Annotated complex questions and SQL queries comprise the datasets that are meant for semantic processing of natural language phrases to SQL queries. The sentences are inquiries for a certain area, while the answers are drawn from existing databases. As a result, the specific inquiry is linked with a SQL query. The SQL query executes and retrieves the response from the existing data.
There are various Semantic Parsing datasets available now for SQL query mapping. They differ in numerous ways. For example, WikiSQL and Spider, the most recent datasets, are cross-domain and context-independent. In addition, they have many questions and extensive inquiries. As the dataset size is critical for successful model assessment, unexpectedly complicated questions in the test sets can be used to assess the model’s generalization capacity. Despite the fact that the WikiSQL dataset comprises a huge number of questions and SQL queries, these SQL queries are basic and focused on single tables. The Spider dataset has fewer questions and SQL queries than WikiSQL. These questions, however, are more complicated and the SQL queries incorporate various SQL phrases, such as table join and a nested query.
The rule-based approach in the automatic code creation
Another way to map raw source variables to SDTM variables heavily relies upon these steps:
- Reading SDTM mappings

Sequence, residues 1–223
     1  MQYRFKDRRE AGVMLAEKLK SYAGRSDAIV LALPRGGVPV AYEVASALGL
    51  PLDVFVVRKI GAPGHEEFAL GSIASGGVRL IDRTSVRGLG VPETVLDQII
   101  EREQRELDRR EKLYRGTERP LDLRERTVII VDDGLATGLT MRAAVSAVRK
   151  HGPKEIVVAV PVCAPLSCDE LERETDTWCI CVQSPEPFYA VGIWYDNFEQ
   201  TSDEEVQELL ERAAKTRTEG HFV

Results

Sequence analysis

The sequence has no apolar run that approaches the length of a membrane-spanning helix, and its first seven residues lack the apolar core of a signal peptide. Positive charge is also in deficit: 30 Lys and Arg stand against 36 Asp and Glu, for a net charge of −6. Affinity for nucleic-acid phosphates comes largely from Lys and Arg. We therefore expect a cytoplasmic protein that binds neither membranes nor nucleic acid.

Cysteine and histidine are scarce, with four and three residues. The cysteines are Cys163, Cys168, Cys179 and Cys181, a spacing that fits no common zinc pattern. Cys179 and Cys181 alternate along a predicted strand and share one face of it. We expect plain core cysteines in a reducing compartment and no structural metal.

- Merging relationships in Excel worksheets
- Converting the Excel worksheets to datasets
- Deriving functions and standard expressions to read the datasets
- Creating the SDTM mappings
- Merging the data
- Appending the data
The advantage of functions is that it directly maps the Excel requirements, which should result in fewer conflicts and faster development. With this approach, it would be possible to generate from 50 up to 70 % of the variables for different SDTM domains. To collect all of the derivations for the other output variables, post-processing of the SDTM dataset would be required. Provided metadata should contain all of the important information about the source variable, format, and new variable, and it might be used for validation of the mappings.
The process of getting the final SDTM mappings can be automated. There can be different approaches used for that purpose, and they can possibly give a different percentage of automation based on the initial conditions of mapping and its complexity. Yet, automating data mapping in clinical trials with SDTM can speed up the process of data analysis and help ensure a higher accuracy of data management.